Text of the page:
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Complex Numbers in Algebra

  • John StillwellEmail author
Chapter
Part of the Undergraduate Texts in Mathematics book series (UTM)

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The next three chapters revisit the topics of algebra, curves, and functions, observing how they are simplified by the introduction of complex numbers. That’s right: the so-called “complex” numbers actually make things simpler. In the present chapter we see where complex numbers came from (not from quadratic equations, as you might expect, but from cubic equations) and observe how they simplify the study of polynomial equations. Equations become simpler because they always have solutions in the complex numbers, and it follows that they have the “right” number of solutions. One of the reasons for the simplifying power of complex numbers is their two-dimensional nature. The extra dimension gives more room for solutions of equations to exist. For example, the equation x n = 1, which has only one or two solutions in the real numbers, has n different solutions in the complex numbers, equally spaced around the unit circle. More generally, complex numbers give a way to divide any angle into n equal parts. This comes about because multiplication of complex numbers involves addition of angles, and is related to the famous de Moivre formula in trigonometry. The equation x n = 1 is not the only one with the “right” number of solutions in the complex numbers. In fact, any equation of degree n has n complex solutions, when solutions are properly counted. This is the fundamental theorem of algebra, and it follows from intuitively simple properties of the plane and continuous functions.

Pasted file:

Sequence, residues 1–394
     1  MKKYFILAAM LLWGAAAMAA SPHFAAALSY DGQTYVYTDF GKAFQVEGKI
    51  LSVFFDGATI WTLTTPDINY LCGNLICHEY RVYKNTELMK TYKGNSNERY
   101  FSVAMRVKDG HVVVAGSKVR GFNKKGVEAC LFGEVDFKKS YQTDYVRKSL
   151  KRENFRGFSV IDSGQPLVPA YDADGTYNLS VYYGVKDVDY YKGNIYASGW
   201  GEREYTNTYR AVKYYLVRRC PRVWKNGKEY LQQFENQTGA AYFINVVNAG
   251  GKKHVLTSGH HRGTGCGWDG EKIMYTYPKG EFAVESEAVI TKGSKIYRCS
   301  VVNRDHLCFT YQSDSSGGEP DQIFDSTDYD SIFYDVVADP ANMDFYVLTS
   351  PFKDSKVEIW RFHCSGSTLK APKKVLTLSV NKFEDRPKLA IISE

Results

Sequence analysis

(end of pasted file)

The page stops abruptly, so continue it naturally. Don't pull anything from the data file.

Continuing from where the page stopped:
Keywords

Complex Number Quadratic Equation Fundamental Theorem Algebraic Curf Quadratic Factor 
These keywords were added by machine and not by the authors. This process is experimental and the keywords may be updated as the learning algorithm improves.

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References

  1. Puiseux, V.-A. (1850). Recherches sur les fonctions algébriques. J. Math. 15, 365–480.Google Scholar
  2. Struik, D. (1969). A Source Book of Mathematics 1200–1800. Cambridge: Harvard University Press.zbMATHGoogle Scholar
  3. van der Waerden, B. L. (1949). Modern Algebra. New York: Frederick Ungar.Google Scholar

Copyright information

© Springer Science+Business Media, LLC 2010

Authors and Affiliations

  1. 1.Department of MathematicsUniversity of San FranciscoSan FranciscoUSA

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